Emissions and Power Market Links Can Boost China's Green Transition
The following is an excerpt from an op-ed by Asia Society Policy Institute Senior Program Officer Yi Chen and Director of Asia-Pacific Sustainability Alistair Ritchie originally published in Nikkei Asia.
November 24, 2023, by Yi Chen and Alistair Ritchie
China produces more carbon emissions than any other country. Power generation, in turn, is the leading source of those emissions.
This is why China's ongoing power market reforms, including the recent introduction of national rules for spot trading of electricity, merits particular attention. Through interaction with the country's existing national emissions trading system (ETS), the reforms have the potential to power the decarbonization of electricity generation in China.
The country's existing inefficient and outdated power market is based on rigid government planning and tightly regulated retail prices. Through reform, China aims to allow electricity prices to reflect supply-demand dynamics through the mechanisms of spot, medium- and long-term trading with an eye toward boosting efficiency and promoting the use of renewable energy sources.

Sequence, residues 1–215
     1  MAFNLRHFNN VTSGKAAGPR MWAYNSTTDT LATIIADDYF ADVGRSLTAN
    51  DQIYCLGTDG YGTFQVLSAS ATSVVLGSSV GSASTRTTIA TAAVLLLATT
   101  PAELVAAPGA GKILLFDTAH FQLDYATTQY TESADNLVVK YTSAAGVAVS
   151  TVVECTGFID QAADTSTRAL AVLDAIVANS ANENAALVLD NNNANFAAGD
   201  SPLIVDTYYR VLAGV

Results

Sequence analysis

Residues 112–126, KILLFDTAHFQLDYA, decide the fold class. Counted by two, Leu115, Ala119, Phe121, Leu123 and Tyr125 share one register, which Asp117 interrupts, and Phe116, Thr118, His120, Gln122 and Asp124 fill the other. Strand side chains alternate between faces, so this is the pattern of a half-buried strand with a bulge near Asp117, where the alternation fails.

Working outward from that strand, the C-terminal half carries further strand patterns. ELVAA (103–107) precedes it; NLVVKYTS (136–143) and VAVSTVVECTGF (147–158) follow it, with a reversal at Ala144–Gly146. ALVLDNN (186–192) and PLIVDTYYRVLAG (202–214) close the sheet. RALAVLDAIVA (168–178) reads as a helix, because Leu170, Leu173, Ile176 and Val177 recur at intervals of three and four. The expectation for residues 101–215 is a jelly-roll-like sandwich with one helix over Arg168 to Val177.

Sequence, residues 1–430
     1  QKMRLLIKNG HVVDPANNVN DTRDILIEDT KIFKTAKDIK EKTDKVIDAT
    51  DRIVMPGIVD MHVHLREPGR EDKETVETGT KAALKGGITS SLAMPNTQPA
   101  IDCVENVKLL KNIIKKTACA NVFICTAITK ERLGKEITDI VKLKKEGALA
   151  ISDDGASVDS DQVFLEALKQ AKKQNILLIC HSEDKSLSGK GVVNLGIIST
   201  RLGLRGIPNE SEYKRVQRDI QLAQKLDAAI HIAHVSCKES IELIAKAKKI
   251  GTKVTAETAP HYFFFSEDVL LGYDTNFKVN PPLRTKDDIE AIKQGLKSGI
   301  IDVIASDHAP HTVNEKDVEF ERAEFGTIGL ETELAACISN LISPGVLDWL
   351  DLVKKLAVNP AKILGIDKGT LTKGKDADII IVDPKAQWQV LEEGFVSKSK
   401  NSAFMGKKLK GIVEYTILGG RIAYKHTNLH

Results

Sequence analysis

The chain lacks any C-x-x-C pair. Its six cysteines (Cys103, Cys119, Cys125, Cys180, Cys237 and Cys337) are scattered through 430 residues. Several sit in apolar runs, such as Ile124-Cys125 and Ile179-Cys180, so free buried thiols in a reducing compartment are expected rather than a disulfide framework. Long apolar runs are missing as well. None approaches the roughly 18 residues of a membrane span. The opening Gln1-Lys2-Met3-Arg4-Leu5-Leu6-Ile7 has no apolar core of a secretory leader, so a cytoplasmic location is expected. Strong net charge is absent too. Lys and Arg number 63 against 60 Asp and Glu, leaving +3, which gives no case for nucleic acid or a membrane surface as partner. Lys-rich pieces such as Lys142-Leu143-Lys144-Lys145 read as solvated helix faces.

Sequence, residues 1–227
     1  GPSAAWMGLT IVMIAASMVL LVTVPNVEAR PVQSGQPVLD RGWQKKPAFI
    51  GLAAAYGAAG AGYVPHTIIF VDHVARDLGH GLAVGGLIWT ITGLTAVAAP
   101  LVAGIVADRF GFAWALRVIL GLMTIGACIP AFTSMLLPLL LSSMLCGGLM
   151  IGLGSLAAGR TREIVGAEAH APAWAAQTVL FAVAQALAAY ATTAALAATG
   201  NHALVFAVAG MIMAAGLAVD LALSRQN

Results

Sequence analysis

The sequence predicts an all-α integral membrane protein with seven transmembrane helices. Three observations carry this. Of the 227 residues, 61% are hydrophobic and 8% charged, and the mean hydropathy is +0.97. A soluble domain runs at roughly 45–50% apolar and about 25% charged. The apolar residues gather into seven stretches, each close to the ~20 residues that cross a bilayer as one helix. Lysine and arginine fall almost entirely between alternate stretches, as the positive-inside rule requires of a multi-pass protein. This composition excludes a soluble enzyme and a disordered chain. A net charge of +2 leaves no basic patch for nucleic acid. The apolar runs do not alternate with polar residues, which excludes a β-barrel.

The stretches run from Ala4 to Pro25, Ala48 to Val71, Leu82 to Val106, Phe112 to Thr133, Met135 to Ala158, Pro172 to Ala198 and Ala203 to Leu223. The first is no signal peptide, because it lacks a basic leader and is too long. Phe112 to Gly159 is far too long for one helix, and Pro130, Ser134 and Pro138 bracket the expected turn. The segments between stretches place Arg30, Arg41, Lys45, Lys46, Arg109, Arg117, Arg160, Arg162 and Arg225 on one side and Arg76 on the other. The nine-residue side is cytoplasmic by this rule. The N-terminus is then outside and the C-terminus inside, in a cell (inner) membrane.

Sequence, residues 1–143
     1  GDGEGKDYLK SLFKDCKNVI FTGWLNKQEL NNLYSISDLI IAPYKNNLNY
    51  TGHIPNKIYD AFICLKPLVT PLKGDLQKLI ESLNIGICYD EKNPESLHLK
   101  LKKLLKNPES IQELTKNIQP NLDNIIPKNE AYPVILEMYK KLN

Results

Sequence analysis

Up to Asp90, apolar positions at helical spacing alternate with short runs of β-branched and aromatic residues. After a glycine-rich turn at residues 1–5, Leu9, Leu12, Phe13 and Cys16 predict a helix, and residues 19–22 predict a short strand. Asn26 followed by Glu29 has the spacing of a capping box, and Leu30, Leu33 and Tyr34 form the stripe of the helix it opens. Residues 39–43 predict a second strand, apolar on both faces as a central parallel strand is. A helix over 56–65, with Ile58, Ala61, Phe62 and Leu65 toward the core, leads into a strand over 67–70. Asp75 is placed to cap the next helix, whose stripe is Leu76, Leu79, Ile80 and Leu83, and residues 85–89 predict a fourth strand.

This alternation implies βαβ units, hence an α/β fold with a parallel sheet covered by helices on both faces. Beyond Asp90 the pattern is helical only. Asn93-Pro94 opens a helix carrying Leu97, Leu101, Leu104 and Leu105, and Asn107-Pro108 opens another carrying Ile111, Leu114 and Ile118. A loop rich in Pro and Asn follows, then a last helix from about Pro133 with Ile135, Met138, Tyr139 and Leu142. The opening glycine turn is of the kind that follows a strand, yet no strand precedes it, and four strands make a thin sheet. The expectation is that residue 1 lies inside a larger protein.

Spot trading has already been conducted on a trial basis in more than 20 provincial-level markets. In the spot market, prices are "discovered" by matching supply and demand at the lowest operating cost.
This process is known as economic dispatch. Renewable energy, which involves minimal operational expenses, is effectively prioritized this way, while power from coal-fired plants, which have high fuel costs, is used as a last resort.
Over time, the interaction between demand and supply creates a price curve. The curve then forms the basis for contracts in the medium- and long-term market, which is important for planning and risk management for consumers.
Electricity prices surge on the curve at times of peak demand due to the higher operational costs of marginal coal plants supplying electricity to meet extreme needs. This dynamic acts to increase profit margins for renewable energy producers and to encourage consumers to use energy more efficiently, as well as to shift consumption to periods of low demand. At such times, renewable resources can meet market needs, while electricity prices can also drop significantly.
Renewables will also benefit as China integrates its regional markets, moving toward the ultimate objective of establishing a unified national power market by 2030. This process will allow unevenly distributed resources to be balanced across provinces, with an increase in overall system efficiency.